In alignment with ACUI’s core values of unconditional human worth and diversity, the association’s MHB Internship provides graduate students of color the opportunity to enhance both their careers and racial diversity in the student activities field. ACUI is excited to introduce this year’s MHB intern, Abigail Garcia, a first-year student in the M.Ed. higher education program at the University of Houston who is also the marketing instructional assistant at the UH Student Centers.
In alignment with ACUI’s core values of unconditional human worth and diversity, the association’s MHB Internship provides graduate students of color the opportunity to enhance both their careers and racial diversity in the student activities field.
The internship is named after Marsha Herman-Betzen, who in August 1994 became the first woman to lead ACUI as executive director. During her tenure, Herman-Betzen helped lay the foundation for ACUI’s existing culture, centered on unconditional acceptance.
This year’s MHB intern, Abigail Garcia, is a first-year student in the M.Ed. higher education program at the University of Houston, after receiving undergraduate degrees in journalism and Asian American studies from California State University–Northridge. Garcia is also the marketing instructional assistant at the UH Student Centers, where she is responsible for supervising a student marketing team, planning and executing programming events, creating content and a monthly marketing plan, and overseeing event logistics and contracts.
In her primarily remote role as ACUI’s MHB intern this summer, Garcia will build upon her interests in advocating for student success, fostering inclusive campus communities, and providing support for sexual assault survivors.
We caught up with Garcia to ask about her past experiences, current roles, and plans for the future. Here is what we learned:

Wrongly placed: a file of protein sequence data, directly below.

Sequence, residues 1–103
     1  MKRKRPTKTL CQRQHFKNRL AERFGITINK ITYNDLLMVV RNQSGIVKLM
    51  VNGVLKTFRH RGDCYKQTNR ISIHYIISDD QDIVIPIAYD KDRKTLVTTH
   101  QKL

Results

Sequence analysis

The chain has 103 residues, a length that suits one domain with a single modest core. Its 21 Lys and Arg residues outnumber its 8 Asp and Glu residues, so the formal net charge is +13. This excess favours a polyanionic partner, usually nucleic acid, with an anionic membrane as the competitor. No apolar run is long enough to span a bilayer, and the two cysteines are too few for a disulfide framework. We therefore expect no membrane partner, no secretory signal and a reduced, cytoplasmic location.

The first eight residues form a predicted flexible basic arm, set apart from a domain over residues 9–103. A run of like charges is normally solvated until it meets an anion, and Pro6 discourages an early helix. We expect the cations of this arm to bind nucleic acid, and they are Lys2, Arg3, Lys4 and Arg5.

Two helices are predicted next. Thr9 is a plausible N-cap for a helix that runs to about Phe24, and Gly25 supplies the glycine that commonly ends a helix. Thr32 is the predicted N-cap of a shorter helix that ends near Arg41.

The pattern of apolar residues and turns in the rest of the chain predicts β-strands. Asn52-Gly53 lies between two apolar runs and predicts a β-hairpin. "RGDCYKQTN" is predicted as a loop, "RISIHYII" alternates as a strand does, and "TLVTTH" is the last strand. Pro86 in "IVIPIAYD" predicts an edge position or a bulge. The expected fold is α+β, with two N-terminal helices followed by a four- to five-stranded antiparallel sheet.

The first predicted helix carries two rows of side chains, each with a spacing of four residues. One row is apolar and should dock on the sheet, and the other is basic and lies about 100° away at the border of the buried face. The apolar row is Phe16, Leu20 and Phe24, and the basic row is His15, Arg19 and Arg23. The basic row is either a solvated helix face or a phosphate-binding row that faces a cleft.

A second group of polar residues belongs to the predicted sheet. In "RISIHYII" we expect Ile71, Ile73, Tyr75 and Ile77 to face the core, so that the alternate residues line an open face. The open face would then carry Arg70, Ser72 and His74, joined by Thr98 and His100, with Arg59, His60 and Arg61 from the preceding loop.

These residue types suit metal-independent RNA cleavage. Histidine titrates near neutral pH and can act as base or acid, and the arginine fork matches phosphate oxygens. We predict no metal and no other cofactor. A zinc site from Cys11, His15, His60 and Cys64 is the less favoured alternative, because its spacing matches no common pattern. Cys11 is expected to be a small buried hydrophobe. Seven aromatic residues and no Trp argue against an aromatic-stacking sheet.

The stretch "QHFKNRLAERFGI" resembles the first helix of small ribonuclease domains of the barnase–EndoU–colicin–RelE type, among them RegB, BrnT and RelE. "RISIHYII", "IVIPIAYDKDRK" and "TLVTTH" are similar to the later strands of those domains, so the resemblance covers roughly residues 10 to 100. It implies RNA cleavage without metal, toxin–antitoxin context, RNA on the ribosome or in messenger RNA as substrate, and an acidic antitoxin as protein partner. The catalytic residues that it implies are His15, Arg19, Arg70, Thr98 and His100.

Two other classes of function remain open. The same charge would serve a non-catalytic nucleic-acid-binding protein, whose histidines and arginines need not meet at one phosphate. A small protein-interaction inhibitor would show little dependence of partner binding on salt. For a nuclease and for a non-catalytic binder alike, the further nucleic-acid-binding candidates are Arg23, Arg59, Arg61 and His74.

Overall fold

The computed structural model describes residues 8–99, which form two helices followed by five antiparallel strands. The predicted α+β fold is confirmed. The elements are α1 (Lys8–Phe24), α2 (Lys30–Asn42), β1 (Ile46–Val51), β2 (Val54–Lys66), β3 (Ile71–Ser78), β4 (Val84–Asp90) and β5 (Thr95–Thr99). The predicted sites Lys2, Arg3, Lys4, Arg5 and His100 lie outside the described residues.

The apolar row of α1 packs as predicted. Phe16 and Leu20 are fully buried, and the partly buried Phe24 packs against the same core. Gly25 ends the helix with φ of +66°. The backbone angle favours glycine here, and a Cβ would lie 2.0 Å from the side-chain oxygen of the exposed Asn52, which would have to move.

ACUI: Where did you grow up, and how did your early experiences influence your educational path?
Garcia: I grew up in Cypress Park, a neighborhood in northeast Los Angeles, but I went to schools all across Los Angeles. I wasn’t the best student in middle or high school, but I knew that mobility out of the low-income bracket for my family was through education. I struggled with being the antithesis of the “model minority” myth, as I often questioned my identity because I could not excel in STEM-related fields.
Another experience that truly influenced my educational path was having my high school counselor look at my 2.7 GPA and say, “Are you sure you want to go to college?” I already knew the odds were stacked against me, but it feels completely different when someone else clearly doesn’t believe in your ability to succeed.
ACUI: Your experience and interests span multiple areas of study: You have earned undergraduate degrees in journalism and Asian American studies, are pursuing an M.Ed. in higher education, and have a passion for developing resources, support services, and peer mentorship programs for sexual assault survivors. Can you tell me a little about where you would like to go in terms of a career path?